Ontario holding talks with feds on national child care plan today as education minister insists province wants deal 'as soon as possible'
Published Wednesday, November 24, 2021 10:44AM EST
Last Updated Wednesday, November 24, 2021 4:30PM EST
Members of the Ontario government are sitting down with their federal counterparts today in an attempt to hash out a deal on child care funding but there is still no indication of when the dispute could be resolved.
A total of nine provinces and territories have already signed onto the Trudeau government’s $30 billion national child care plan, paving the way for parents in those jurisdictions to see their monthly fees cut in half by the end of 2022.
But the Ontario government has so far refused to sign the accord with Premier Doug Ford suggesting that he wants the “same deal” as Quebec.
Quebec, it should be noted, already has a heavily subsidized provincial child-care system with the lowest fees in the country so it is being given its share of the federal money – about $6 billion – with fewer strings attached.
The federal offer to the other provinces and territories, meanwhile, is contingent on those governments cutting child care fees in half by the end of 2022 and reducing them further to an average of $10 a day in 2026.
“We want to get a deal as soon as possible so long as it is fair for the people we serve and it actually delivers affordable child-care for all families and gets us to $10 a day, which the offer on the table at least as it is composed does not do,” Education Minister Stephen Lecce said during a press conference on Tuesday morning. “It’s why we're at the table with the feds making the case for a better deal, a fair deal that reduces costs and increases access for working people in Ontario.”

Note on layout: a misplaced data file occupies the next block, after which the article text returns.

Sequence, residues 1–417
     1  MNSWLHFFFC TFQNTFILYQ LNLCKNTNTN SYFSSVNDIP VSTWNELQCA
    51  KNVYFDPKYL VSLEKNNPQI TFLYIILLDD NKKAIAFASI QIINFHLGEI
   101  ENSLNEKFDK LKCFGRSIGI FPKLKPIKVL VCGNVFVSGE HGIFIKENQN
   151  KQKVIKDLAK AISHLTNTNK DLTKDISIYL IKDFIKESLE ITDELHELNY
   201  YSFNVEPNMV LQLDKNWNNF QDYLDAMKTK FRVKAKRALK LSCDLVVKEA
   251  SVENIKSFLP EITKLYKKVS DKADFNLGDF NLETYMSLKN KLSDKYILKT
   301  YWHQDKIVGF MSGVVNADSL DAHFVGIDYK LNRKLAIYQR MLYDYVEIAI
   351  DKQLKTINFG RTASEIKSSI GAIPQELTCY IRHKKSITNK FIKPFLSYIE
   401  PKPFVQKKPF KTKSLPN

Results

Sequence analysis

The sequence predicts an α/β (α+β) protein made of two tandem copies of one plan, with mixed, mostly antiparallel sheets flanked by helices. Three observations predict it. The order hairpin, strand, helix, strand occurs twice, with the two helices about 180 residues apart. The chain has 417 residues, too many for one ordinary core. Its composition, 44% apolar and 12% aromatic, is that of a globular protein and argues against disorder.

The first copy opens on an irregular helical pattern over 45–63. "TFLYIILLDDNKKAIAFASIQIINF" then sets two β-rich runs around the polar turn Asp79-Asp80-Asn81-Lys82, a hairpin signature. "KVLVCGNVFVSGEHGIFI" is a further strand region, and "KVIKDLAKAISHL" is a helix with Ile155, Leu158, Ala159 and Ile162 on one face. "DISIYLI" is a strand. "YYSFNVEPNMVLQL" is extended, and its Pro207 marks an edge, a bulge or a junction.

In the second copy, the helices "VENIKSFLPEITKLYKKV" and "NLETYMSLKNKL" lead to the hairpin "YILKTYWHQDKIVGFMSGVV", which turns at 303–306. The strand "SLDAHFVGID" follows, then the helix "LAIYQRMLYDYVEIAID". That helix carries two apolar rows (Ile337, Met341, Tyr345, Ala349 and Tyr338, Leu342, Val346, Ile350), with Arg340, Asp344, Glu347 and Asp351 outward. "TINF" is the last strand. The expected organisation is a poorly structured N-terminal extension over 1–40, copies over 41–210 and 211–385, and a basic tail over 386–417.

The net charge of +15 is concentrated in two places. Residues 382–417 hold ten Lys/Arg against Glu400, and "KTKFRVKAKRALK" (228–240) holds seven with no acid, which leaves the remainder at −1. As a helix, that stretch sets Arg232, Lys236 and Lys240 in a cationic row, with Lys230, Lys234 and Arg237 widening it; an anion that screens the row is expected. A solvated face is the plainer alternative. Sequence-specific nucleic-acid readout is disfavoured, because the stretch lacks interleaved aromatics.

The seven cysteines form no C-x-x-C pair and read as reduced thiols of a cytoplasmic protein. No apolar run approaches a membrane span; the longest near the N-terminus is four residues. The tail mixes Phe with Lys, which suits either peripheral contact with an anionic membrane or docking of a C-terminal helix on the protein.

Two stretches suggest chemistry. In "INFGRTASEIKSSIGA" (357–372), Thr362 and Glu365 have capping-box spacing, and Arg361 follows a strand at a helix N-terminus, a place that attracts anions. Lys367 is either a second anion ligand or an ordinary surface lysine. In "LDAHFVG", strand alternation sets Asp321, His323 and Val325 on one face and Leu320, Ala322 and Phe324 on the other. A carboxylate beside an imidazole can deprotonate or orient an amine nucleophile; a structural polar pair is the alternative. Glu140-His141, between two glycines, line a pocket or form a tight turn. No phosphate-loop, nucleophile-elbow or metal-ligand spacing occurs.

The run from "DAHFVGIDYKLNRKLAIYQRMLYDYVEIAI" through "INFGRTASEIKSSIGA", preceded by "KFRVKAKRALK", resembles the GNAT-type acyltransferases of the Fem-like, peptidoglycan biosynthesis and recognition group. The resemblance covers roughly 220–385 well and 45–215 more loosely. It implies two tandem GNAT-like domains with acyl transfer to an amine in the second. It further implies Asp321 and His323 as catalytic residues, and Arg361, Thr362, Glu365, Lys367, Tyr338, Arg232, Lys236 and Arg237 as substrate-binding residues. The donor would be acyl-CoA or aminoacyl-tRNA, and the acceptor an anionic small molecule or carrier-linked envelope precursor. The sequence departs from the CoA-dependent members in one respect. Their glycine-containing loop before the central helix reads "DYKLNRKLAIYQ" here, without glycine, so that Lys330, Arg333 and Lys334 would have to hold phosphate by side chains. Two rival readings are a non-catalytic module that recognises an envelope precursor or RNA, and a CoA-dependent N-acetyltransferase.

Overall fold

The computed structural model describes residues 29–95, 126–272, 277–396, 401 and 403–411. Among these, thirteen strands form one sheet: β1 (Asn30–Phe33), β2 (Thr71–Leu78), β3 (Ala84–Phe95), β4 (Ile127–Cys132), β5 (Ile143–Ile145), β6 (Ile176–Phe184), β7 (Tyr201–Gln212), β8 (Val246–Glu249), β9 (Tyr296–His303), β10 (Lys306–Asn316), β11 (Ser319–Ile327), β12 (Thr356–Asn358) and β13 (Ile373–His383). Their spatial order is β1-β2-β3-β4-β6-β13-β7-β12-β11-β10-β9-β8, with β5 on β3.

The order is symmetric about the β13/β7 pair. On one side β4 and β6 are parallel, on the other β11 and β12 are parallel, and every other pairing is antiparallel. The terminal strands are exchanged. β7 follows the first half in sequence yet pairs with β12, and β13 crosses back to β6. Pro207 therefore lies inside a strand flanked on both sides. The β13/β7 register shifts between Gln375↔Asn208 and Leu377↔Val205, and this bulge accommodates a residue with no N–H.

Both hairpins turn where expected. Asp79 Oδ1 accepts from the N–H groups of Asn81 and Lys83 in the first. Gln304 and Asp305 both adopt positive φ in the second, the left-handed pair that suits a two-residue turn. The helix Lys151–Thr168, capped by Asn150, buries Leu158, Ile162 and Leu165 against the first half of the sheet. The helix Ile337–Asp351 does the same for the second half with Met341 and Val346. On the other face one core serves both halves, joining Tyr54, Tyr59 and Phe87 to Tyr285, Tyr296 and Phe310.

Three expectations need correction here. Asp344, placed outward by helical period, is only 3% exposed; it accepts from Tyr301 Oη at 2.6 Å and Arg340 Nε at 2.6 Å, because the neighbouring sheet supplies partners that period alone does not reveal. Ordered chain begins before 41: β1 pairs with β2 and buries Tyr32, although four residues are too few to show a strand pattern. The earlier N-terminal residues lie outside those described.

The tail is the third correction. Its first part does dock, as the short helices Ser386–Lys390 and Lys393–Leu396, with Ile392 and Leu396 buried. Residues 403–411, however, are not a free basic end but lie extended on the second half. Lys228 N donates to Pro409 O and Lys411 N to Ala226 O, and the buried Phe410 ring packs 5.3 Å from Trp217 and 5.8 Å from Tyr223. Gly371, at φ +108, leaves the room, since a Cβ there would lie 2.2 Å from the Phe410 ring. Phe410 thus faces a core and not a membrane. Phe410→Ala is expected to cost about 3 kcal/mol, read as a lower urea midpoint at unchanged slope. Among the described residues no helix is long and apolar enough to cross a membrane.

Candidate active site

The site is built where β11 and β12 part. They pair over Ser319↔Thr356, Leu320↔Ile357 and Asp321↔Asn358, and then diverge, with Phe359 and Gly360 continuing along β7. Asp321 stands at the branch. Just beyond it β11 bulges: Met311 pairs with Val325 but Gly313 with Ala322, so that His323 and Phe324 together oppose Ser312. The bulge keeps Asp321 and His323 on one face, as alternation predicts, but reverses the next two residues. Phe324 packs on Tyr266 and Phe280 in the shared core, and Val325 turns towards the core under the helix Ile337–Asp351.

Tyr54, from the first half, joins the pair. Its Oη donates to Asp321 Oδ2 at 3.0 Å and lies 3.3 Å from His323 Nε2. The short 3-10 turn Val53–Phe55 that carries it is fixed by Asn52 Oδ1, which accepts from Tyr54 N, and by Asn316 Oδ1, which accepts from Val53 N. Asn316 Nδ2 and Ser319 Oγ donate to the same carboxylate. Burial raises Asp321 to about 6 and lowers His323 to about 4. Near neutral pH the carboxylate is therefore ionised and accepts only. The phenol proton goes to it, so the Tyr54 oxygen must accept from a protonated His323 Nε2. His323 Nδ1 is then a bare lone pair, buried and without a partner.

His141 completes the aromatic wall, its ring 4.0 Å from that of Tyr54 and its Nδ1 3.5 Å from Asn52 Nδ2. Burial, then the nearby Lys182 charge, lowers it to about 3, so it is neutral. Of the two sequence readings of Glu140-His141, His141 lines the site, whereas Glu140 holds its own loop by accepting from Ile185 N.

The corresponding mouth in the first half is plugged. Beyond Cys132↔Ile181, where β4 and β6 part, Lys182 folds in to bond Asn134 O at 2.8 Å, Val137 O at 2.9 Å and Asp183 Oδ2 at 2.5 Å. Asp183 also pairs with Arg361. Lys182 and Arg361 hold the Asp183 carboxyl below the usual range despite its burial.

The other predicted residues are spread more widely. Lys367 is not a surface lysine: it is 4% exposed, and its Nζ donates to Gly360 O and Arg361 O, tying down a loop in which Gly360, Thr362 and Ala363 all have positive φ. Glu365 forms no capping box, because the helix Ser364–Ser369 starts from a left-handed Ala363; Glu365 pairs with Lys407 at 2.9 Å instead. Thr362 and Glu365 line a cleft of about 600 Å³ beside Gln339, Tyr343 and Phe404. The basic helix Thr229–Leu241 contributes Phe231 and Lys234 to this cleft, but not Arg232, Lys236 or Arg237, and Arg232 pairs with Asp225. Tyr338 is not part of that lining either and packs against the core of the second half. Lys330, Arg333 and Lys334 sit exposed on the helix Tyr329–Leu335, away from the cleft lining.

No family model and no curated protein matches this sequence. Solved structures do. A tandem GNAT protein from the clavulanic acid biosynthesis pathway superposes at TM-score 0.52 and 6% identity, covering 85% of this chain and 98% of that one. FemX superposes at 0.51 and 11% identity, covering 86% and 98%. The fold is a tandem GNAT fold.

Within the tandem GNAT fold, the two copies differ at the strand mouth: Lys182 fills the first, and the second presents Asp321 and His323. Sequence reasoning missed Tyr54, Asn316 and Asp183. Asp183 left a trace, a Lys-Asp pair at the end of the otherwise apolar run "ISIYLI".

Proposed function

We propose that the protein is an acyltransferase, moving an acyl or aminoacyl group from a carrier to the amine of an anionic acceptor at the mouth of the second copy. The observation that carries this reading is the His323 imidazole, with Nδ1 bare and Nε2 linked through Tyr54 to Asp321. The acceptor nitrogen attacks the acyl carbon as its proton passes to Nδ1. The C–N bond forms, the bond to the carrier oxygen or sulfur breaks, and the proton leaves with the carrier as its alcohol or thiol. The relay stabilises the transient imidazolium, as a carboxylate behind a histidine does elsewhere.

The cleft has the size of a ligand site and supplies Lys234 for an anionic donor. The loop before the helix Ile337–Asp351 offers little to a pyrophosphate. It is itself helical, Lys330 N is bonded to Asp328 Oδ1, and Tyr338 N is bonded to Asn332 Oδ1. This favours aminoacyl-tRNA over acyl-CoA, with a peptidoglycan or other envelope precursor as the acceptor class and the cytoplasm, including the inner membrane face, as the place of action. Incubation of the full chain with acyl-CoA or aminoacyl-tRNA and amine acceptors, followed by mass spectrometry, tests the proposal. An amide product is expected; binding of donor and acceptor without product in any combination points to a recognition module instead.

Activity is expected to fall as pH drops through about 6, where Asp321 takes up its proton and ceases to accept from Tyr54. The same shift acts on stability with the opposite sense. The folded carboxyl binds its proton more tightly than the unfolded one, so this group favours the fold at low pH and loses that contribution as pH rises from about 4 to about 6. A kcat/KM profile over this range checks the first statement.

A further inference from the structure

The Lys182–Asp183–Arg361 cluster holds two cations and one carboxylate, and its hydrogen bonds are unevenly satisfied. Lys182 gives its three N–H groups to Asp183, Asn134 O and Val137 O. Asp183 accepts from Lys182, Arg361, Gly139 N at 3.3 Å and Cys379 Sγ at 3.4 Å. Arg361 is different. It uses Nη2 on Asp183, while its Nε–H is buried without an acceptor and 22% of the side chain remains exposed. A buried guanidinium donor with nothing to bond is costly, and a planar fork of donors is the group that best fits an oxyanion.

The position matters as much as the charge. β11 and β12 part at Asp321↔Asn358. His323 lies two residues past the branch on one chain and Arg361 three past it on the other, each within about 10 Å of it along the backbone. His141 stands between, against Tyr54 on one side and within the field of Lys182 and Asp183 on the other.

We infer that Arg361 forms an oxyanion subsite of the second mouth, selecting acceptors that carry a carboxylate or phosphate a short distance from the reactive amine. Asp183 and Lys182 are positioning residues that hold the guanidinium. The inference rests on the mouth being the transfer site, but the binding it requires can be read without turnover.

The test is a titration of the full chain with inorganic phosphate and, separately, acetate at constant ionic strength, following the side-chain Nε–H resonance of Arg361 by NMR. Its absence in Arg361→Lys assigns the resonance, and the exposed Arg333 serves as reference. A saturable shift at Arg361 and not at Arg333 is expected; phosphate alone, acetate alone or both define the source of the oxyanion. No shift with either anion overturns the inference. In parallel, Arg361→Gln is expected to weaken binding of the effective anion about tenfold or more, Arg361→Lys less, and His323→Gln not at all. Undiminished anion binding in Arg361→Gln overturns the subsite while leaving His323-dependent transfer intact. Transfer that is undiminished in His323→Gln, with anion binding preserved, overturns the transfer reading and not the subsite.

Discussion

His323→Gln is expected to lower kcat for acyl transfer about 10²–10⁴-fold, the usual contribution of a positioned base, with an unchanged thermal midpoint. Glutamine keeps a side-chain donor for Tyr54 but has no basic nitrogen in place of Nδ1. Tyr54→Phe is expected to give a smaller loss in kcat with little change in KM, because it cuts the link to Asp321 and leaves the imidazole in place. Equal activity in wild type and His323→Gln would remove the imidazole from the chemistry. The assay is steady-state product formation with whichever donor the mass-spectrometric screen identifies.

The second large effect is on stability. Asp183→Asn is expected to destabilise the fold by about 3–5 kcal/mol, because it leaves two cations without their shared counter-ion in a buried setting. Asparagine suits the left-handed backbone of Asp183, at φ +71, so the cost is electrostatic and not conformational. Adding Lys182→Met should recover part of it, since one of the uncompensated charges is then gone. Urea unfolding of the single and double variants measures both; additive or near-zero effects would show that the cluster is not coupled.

Lecce has claimed that the federal deal, as proposed, does not take into account the high cost of delivering child-care in Ontario and would only lower fees to an average of $21 a day.
He has also said that the federal government should reimburse Ontario for the $3.6 billion it spends on delivering full-day kindergarten for four- and five-year-olds, something that only a minority of provinces do.
Opposition parties, however, have slammed the Ford government for trying to redirect money intended to lower the cost of child care to its bottom line and have questioned why it is now the only other province, besides New Brunswick, which has been unable to reach a deal with the feds.
“Doug Ford just doesn't think that this is a priority,” NDP Leader Andrea Horwath told reporters on Wednesday afternoon. “He has shown by his actions that this is not something that he's interested in getting done for them and and that's problematic because fees in Ontario are the highest in the country and we need a break, parents need a break.”
Under the federal proposal Ontario would receive $10.2 billion over five years to reduce the cost of child care.
The federal government has also committed to providing the provinces with $9.2 billion in ongoing funding after the expiry of the bilateral deals in 2026.
Speaking with reporters on Wednesday, Horwath said that she “doesn’t know why Doug Ford is causing distress to families” by dragging out the negotiations and creating uncertainty around when, or if, they will see savings.
But Lecce said that his government is committed to getting a deal done. He just refused to put a timeline on the process.
“We want to make sure that prices come down for all families and we want to see $10 a day delivered for moms and dads in Ontario,” he insisted. “It is too expensive for too many families and that is why the premier is committed to getting a fair deal. To taking the time, working with the feds and landing the best possible deal for the people in this province.”
In Ontario, the average child-care cost per child is currently $12,800 a year or about $53 a day. Fees are, however, much higher in Toronto, where the median infant fee is more than $1,800 a month.